Once you’re signed up as a member, you need to register details of your publications. And, you should put aside some time for updates (I suggest popping a reminder in your calendar before the end of March each year).
You do this in the ‘Manage Your Works’ area once you’ve logged into the member section of copyright.com.au
There are two sections. ‘Works We Found’ are publications that Copyright Agency researchers have found though licence data. Personally, I don’t have anything listed here.
The other tab (noting the formatting of the website means it’s not immediately obvious there is another tab) is ‘Works You Registered’, where you can (and should) manually input information about articles you’ve written.
This is where things get a little ‘black-box’. Despite asking questions both personally and for this story, I’m still not 100% sure about the best approach for which works you should register. You have two options:
Though only registering one example piece and estimated numbers for each publication is more time-effective than uploading everything you’ve ever written, the catch is that this approach might mean miss out on a higher level payment. The advice I’ve received from the Copyright Agency is ‘to prioritise publications that are more likely to be copied or shared in the education sector’ but I have no insights to offer about how to select based on this. So, your other option is:
If, like me, you reckon this feels too onerous for the zero-to-small chance of a higher payment, a good middle ground would be to head into your membership portal at least once a year (before end March) to add any new publications and to update the number of works you’ve contributed to all publications.
Now you’ve got the basics, here are some finer details for the extra-curious, including answers to questions asked by other writers:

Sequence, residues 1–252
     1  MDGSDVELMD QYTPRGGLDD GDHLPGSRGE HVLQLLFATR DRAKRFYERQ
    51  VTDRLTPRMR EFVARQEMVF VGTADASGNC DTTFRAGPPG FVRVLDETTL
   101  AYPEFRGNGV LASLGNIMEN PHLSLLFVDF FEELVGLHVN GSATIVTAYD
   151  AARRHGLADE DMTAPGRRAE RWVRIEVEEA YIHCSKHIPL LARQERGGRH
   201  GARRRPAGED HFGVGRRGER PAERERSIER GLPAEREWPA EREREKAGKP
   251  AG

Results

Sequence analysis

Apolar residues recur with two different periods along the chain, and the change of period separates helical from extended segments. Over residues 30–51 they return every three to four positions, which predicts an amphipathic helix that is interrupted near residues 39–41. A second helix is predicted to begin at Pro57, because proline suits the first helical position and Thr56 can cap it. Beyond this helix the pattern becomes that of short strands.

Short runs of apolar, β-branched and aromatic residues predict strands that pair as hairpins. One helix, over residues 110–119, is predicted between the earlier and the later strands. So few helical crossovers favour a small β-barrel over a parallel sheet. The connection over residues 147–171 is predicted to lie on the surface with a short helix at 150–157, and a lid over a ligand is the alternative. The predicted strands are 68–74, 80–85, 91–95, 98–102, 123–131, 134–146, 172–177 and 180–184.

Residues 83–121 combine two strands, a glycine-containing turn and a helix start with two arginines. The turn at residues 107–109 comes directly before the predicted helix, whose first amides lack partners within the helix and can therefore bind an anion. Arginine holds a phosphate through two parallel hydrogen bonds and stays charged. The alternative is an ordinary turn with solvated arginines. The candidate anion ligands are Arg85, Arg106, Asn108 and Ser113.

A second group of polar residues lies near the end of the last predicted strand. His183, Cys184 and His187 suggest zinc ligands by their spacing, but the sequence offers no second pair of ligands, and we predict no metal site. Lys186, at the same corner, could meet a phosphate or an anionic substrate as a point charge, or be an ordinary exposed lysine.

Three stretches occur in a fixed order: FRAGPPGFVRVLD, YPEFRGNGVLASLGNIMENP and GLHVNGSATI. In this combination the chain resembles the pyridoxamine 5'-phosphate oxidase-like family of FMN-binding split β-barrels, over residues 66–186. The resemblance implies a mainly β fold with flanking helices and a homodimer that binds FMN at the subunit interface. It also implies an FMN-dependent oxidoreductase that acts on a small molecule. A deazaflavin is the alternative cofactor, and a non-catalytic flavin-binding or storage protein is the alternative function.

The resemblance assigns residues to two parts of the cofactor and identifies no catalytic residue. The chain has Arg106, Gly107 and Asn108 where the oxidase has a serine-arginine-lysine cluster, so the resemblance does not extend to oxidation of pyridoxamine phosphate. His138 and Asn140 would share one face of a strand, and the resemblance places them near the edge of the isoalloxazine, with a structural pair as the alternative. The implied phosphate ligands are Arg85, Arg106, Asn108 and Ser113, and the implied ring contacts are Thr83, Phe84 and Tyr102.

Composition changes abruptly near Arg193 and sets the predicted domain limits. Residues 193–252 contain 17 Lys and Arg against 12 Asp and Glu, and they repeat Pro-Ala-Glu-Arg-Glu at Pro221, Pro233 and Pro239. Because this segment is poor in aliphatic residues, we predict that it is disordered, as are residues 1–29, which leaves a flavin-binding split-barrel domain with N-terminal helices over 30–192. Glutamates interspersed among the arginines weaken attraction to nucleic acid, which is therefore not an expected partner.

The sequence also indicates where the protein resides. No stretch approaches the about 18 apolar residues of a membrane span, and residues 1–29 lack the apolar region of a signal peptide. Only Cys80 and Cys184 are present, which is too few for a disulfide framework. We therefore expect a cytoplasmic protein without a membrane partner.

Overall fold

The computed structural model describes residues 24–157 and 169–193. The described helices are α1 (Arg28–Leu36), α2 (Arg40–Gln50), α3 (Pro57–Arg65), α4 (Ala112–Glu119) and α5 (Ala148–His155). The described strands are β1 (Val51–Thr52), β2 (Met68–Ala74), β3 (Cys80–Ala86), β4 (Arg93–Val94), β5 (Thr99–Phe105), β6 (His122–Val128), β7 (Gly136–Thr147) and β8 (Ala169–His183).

More on what being a member does (and doesn’t mean):
More on whether you own copyright in your work:
More if you’re a book author:
More on wider roles of the Copyright Agency:
More on nuts and bolts of payments, including tax and GST:
Answers to other questions asked by freelance writers:
A summary of helpful links:
I’ve scattered links through this article but here are perhaps the most important ones:
Join Copyright Agency: https://member.copyright.com.au/s/login/SelfRegister
Copyright Agency page for journalists: https://www.copyright.com.au/membership/authors/journalists/
Copyright Agency Cultural Fund opportunities: https://www.copyright.com.au/culturalfund/
Though I haven’t unlocked every single black-box secret, I hope this overview of the Copyright Agency and Annual Writers’ Distributions has been helpful. Please do register yourself and your works, then look forward to next year’s Freelance Christmas! 🎄
* The term ‘Freelance Christmas’ to describe Copyright Agency’s Annual Writers’ Distribution payment day was (to the best of my knowledge) coined by Tim Richards, a Melbourne-based writer. Thanks, Tim!
Are you a member of the Copyright Agency? Is it worth signing up and do you receive payments every year? We’d love to hear your experiences in the comments.